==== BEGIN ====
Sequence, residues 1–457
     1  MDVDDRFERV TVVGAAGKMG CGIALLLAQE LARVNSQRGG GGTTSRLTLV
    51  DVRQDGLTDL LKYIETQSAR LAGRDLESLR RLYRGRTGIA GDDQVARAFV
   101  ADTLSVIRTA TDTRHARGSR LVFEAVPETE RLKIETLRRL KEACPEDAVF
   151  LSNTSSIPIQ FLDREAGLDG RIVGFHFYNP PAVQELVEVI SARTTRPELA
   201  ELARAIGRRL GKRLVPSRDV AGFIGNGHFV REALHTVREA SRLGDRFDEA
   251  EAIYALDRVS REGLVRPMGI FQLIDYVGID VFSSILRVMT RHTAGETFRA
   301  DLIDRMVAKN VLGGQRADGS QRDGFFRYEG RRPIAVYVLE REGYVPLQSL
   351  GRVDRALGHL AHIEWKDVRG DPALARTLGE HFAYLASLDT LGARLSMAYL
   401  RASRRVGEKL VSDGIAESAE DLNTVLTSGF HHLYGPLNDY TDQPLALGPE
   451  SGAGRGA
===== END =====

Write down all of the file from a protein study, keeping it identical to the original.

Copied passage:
Sequence, residues 1–457
     1  MDVDDRFERV TVVGAAGKMG CGIALLLAQE LARVNSQRGG GGTTSRLTLV
    51  DVRQDGLTDL LKYIETQSAR LAGRDLESLR RLYRGRTGIA GDDQVARAFV
   101  ADTLSVIRTA TDTRHARGSR LVFEAVPETE RLKIETLRRL KEACPEDAVF
   151  LSNTSSIPIQ FLDREAGLDG RIVGFHFYNP PAVQELVEVI SARTTRPELA
   201  ELARAIGRRL GKRLVPSRDV AGFIGNGHFV REALHTVREA SRLGDRFDEA
   251  EAIYALDRVS REGLVRPMGI FQLIDYVGID VFSSILRVMT RHTAGETFRA
   301  DLIDRMVAKN VLGGQRADGS QRDGFFRYEG RRPIAVYVLE REGYVPLQSL
   351  GRVDRALGHL AHIEWKDVRG DPALARTLGE HFAYLASLDT LGARLSMAYL
   401  RASRRVGEKL VSDGIAESAE DLNTVLTSGF HHLYGPLNDY TDQPLALGPE
   451  SGAGRGA